(Bloomberg) -- Mexican trade negotiators are pushing to finish work on an updated free-trade agreement with the European Union ahead of a trip by President Enrique Pena Nieto to the region later this month, according to three people familiar with the plan.
Mexico started work on updating its pact with the EU in mid-2016 and had aimed to complete a deal by the end of last year. The goal is now to finish negotiations in time for Pena Nieto to announce the agreement on a trip to Germany during the last week of April for Hannover Messe, an industry show where Mexico is the chosen partner country this year, according to the people, who asked not to be named discussing private negotiations.
While talks to update the North American Free Trade Agreement have received more public attention, many of Mexico’s same negotiators within the Economy Ministry have been working to update the 17-year-old agreement with the EU, the biggest buyer of Mexican goods after the U.S. and Canada. Some Mexican negotiators plan to go from Washington to Brussels next week even as Nafta talks continue in order to try to land an EU deal before Pena Nieto’s arrival, and Minister Ildefonso Guajardo will also travel there after a summit this week in Peru, according to the people.
Deepening ties with the EU is part of Mexico’s push to diversify exports. Seventy-two percent of the nation’s $435 billion in annual goods sold abroad go to the U.S. The nation is also working to make inroads with China, Brazil, Argentina and the 10 nations in the Comprehensive and Progressive Agreement for Trans-Pacific Partnership, known as the CPTPP. Cars, auto parts and oil represent the top products traded between Mexico and the EU, according to data from Mexico’s Economy Ministry.
"It’s a priority for Mexico to move forward and finalize the trade agreements we have with the European Union, Asia-Pacific nations with the CPTPP, and at the same time have good results with Nafta," the press office of Mexico’s Economy Ministry said in an e-mailed statement.
Since the EU deal went into force in 2000, Mexico’s exports to the region have more than quintupled to $27 billion annually, according to data from the International Monetary Fund. The almost matches Canada’s $29 billion in annual purchases.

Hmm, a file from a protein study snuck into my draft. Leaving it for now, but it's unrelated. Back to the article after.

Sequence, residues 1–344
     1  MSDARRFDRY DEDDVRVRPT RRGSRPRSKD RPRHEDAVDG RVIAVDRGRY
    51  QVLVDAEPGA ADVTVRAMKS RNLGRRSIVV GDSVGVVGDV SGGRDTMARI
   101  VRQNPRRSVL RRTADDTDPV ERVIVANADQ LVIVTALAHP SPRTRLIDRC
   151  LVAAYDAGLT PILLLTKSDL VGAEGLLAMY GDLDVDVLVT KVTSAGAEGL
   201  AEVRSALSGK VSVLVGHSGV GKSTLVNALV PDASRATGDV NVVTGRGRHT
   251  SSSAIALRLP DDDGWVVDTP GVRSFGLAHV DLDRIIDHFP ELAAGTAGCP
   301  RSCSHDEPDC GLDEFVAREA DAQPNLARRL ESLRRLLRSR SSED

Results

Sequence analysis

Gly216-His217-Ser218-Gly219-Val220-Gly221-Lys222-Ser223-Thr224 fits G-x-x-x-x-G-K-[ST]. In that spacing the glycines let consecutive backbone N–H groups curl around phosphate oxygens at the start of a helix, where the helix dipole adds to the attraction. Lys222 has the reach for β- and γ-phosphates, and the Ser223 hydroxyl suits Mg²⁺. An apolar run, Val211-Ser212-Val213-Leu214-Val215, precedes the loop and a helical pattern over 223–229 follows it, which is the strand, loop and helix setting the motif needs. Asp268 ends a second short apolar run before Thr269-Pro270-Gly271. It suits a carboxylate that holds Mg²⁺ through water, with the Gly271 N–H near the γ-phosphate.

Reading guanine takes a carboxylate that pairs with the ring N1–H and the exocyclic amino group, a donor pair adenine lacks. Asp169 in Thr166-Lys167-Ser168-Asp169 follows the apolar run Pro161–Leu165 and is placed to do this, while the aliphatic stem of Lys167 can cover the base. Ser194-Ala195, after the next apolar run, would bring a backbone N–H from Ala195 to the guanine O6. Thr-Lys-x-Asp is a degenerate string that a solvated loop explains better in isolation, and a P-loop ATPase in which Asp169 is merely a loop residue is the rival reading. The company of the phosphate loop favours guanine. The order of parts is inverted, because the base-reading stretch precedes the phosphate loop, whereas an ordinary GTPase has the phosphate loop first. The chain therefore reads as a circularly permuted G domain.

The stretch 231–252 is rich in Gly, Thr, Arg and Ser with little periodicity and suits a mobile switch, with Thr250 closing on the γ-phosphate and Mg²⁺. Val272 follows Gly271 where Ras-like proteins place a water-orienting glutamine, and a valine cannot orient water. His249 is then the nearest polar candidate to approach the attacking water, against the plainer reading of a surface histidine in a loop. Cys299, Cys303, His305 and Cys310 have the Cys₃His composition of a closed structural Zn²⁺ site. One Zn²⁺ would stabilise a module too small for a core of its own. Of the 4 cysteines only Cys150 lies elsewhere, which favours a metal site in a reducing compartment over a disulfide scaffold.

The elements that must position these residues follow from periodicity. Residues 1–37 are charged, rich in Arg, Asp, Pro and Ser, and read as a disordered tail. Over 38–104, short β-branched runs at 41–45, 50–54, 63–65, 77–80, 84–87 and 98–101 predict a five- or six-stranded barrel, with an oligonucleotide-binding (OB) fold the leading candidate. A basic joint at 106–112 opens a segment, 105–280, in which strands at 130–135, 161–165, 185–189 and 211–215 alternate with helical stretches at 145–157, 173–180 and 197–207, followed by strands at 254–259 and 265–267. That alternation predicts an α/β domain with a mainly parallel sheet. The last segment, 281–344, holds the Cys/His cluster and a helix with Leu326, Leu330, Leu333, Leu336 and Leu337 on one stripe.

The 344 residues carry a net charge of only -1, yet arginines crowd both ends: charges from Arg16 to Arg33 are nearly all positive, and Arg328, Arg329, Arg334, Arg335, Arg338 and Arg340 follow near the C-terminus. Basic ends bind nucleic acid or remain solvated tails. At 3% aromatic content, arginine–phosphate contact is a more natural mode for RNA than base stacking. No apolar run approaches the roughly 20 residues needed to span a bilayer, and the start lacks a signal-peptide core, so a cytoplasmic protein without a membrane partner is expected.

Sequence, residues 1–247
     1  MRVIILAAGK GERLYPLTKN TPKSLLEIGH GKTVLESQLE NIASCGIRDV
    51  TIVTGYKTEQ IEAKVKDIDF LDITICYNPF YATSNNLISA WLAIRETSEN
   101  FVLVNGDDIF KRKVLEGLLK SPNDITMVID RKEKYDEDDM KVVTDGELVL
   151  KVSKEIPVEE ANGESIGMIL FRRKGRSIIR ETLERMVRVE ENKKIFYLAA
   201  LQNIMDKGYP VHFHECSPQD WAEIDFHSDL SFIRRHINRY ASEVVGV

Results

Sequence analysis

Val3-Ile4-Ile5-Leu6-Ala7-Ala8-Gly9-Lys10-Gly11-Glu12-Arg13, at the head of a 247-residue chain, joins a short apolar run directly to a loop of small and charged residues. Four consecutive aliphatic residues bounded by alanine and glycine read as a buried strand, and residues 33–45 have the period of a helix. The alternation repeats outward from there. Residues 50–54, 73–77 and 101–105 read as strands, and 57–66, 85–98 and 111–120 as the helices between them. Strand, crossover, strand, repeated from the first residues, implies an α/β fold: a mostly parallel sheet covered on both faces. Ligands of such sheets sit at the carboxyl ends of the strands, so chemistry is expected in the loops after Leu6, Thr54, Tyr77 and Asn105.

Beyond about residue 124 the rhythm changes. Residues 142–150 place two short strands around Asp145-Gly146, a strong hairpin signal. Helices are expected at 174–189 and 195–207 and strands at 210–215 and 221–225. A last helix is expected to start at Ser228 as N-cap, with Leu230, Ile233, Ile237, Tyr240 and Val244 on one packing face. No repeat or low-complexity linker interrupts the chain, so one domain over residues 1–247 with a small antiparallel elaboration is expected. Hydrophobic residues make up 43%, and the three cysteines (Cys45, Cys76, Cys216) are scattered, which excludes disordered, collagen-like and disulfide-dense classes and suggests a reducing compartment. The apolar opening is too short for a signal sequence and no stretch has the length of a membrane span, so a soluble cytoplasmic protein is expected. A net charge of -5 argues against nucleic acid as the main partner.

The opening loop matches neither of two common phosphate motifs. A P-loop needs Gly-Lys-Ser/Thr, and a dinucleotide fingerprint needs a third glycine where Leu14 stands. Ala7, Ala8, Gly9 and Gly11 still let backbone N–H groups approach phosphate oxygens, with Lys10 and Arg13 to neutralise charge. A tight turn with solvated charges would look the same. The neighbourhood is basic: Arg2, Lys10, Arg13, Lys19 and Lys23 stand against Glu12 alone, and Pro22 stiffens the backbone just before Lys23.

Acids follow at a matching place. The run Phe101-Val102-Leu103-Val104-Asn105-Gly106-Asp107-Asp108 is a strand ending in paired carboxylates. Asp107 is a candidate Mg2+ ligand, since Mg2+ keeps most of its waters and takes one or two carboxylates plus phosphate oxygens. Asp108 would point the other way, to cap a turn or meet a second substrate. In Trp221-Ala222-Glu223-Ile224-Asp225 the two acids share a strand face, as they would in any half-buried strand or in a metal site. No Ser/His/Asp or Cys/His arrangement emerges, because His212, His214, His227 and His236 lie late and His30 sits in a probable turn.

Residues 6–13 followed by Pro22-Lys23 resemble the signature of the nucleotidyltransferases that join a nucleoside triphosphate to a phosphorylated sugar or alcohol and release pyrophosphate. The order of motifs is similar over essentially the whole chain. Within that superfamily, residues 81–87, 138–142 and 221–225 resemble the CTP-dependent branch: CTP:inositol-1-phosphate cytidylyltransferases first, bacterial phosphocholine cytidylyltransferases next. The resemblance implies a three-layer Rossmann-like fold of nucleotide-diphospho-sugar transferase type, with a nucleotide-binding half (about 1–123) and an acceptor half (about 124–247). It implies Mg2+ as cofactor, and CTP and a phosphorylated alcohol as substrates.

As with Nafta, the requirements for content regarding cars that are traded between Mexico and the EU and how much content needs to come from the two partners is proving to be one of the toughest issues, said Francisco de Rosenzweig, a lawyer at White & Case who previously served as Mexico’s top international trade negotiator and led the start of talks to update the EU deal.
"Much of a potential agreement is linked to the auto rules of origin and market access for Mexican beef," Rosenzweig said in an interview. "If that issue is agreed, there’s a great chance to strike a deal."
Geographic labels for European products including wine and cheese and expanding market access for Mexican meat exporters are among the final issues to resolve, Rosenzweig said.
Companies based in the EU have accounted for 36 percent of foreign direct investment in Mexico over the past two decades, focused around manufacturing, financial services and construction. That compares with about 6 percent for Canada, according to Mexico’s Economy Ministry. Spain alone accounted for 12 percent, with the Netherlands making up 11 percent of total FDI, making them the biggest investors in Mexico after the U.S.
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